I couldn’t squeeze any juice out of my textbooks, but I sure could fox trot.

And I wasn’t partying. Dope and beer bongs were never for me. I wasn’t skipping class. I was lugging this huge valise around with every textbook I had. I think it weighed something like forty pounds. I was stitting in classes looking studious and taking notes. Well, except for physics which started early. 7:30 a.m. if I recall. What kind of a nut job takes a class at 7:30 a.m.? I did. I tried really hard to stay awake. I know I saw the professor shoot a gorilla with a tennis ball once. But the rest of the time I was in la la land catching z’s.

A 0.68, and I was in the honors program.

Obviously, I didn’t know how to go about learning. I’m glad the university didn’t give up on me. They put me on probation and told me I had to take a class on studying. A class on how to take the reponsibility for learning into my own tentacles. A class that shared techniques that actually helped.

One of the techniques was taking breaks. You were to work hard for 30 or 45 or 50 minutes and then take a break. Why? Well, because studies had shown that someone who, for example, was going to study for two hours could learn more by taking a ten or fifteen minute break in the middle than someone who worked the whole two hours.   Spending more time on studying actually meant you learned less.

I’ve found this method applies to more than just reading textbooks.  It also applies to writing. My practice is to set a time for 45-50 minutes. My goal is to write as hard and fast during that period as I can. To be totally focused on the task at hand. And then, when the timer dings, to literally get up out of my chair, walk about, and take a break. Then come back at the top of the next hour and start another 45 minute session.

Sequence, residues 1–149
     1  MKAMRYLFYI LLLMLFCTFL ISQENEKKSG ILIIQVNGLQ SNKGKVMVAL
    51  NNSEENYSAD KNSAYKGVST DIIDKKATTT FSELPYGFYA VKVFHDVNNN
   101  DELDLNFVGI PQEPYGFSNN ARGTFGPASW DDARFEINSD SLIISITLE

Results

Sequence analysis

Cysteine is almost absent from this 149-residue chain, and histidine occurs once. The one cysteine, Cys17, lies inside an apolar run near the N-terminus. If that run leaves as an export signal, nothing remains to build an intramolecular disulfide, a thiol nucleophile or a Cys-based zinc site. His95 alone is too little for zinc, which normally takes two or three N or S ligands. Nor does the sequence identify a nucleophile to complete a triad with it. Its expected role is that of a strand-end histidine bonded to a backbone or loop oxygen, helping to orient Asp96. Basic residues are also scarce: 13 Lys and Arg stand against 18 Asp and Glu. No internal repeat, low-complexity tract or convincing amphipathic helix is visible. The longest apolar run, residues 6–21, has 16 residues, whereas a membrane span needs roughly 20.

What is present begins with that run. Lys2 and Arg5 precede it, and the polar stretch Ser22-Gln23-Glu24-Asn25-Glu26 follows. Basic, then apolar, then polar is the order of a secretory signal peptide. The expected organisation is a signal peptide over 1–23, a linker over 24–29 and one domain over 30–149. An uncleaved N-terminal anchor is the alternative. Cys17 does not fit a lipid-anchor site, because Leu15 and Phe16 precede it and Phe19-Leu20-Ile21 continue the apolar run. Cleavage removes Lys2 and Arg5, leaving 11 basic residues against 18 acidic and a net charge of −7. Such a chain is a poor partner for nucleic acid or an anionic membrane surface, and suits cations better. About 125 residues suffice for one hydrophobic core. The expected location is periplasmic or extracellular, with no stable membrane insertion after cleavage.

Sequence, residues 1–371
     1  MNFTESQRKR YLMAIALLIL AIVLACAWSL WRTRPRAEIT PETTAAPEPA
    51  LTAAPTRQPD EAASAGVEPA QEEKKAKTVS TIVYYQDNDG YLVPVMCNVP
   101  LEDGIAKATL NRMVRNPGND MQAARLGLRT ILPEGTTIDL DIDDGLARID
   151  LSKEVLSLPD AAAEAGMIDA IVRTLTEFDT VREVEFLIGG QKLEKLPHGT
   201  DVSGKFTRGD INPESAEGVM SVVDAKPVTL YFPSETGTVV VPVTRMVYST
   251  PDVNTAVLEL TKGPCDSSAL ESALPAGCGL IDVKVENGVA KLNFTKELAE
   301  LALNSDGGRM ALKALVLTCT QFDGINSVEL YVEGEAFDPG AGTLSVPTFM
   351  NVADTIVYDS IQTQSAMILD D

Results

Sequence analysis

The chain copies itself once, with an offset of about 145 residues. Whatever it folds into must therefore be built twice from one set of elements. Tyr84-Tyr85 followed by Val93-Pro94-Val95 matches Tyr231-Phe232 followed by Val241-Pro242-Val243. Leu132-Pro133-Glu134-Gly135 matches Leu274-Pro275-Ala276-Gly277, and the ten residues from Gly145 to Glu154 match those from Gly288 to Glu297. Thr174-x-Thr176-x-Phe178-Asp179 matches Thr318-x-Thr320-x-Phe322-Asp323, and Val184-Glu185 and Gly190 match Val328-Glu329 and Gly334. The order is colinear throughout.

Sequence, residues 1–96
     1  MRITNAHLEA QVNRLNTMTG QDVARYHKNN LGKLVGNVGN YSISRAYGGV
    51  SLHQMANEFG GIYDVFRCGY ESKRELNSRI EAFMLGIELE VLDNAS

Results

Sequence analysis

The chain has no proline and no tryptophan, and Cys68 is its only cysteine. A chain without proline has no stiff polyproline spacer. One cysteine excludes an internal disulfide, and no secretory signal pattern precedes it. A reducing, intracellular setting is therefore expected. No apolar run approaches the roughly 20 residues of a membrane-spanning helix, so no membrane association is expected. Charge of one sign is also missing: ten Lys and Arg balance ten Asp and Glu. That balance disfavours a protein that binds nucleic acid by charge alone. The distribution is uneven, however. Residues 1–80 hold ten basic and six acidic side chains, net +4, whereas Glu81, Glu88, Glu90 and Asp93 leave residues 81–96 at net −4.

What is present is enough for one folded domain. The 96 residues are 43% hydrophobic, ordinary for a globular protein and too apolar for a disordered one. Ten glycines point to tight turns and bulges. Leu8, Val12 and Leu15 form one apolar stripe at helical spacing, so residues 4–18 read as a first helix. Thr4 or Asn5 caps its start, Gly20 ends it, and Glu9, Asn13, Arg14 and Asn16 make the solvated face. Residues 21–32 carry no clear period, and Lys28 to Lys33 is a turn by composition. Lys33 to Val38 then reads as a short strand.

But I’m not the only one doing this. A lot of folks use this method. Author Annie Bellet writes about her use of it in The Quest for Productivity and shares some of the reasons why it helps her. Read what she says there. If you haven’t done a 45/15 or 48/12 session, give it a go. See if you don’t actually get more done in less time.

Oh, btw, as for my grades, not only did I NOT drop out (or get kicked out) and become a hobo living in a trailer by the river, I ended up getting a 3.8 in my masters of accounting program. I think it’s safe to say I figured that school thing out. :)


How author Rachel Aaron wrote a novel in 12 days

Posted in On Writing  by John Brown on February 8th, 2012

Well, not quite. It was 15.

First read her essay “How I Went From Writing 2,000 Words a Day to 10,000 Words a Day”.  Now read about her 12 day triumph in “12 Days of Glory”.

Amen on the pre-writing! I’d be lost without it. LOST. Sketching out scenes beforehand makes them SO MUCH EASIER to write. I can focus on the delivery, characters, dialogue, etc. instead of the events. It frees my creativity to focus on other things. Sketching out a novel beforehand does the same for the whole book. I have a simple sketch of the scene I’m going to write today. There’s no dithering about what to write. I KNOW what I need to write. So I do another more detailed sketch, the pre-writing for the scene before I jump into the day’s work. When I get the scene in my mind, the draft comes so much more quickly.

Amen on time! I’ve found my mind is like a furnace: it takes time to get hot, and if I only dedicatetake small chunks of time, I’m forever warming it up. When I get 3-4 hours a day, I far more productive on a per hour basis than when I only get one.

Amen on enthusiasm! There’s nothing worse than trying to write something that bores me. I can’t do it. And her little method for reviewing scenes is very similar to what I do.

Great posts, Rachel! Now I just need to get back into my dedicated time groove.

Tags: ,

Brown’s Breakfast Burrito, The Way Back

Posted in John's Reviews - books, movies, whatever  by John Brown on February 7th, 2012

The Way Back

GULag is the acronym for the government agency that administered the main Soviet forced labor camp systems in the early 1900’s. In Romanized Russian that’s “Glavnoye upravlyeniye ispravityel’no-trudovih lagyeryey i koloniy” which means “Chief Administration of Corrective Labor Camps and Colonies.”  The term “Gulag” quickly morphed to represent the camps themselves, which housed a wide range of convicts and many political prisoners.  It’s also come to stand for the repressive Soviet system with its arrests, interrogations, transport in unheated cattle cars, forced labor, destruction of families, years spent in exile, and early and unnecessary deaths.